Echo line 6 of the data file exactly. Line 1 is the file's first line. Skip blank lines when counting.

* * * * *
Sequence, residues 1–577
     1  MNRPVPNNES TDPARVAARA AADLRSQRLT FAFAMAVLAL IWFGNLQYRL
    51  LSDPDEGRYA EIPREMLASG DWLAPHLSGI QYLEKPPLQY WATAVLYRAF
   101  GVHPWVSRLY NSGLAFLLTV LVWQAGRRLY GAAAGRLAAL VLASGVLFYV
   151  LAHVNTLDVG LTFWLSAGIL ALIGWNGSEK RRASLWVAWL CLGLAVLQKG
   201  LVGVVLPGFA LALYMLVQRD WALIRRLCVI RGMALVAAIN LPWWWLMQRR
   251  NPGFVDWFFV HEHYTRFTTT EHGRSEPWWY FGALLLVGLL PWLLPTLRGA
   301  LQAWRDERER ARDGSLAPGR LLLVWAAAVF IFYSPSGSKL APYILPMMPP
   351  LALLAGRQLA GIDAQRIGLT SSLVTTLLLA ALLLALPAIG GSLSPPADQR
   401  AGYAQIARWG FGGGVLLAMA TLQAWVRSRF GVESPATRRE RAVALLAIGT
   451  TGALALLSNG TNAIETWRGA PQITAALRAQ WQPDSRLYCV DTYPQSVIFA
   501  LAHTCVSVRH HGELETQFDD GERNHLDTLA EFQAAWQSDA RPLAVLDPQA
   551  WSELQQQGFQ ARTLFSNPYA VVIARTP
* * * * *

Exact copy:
   201  LVGVVLPGFA LALYMLVQRD WALIRRLCVI RGMALVAAIN LPWWWLMQRR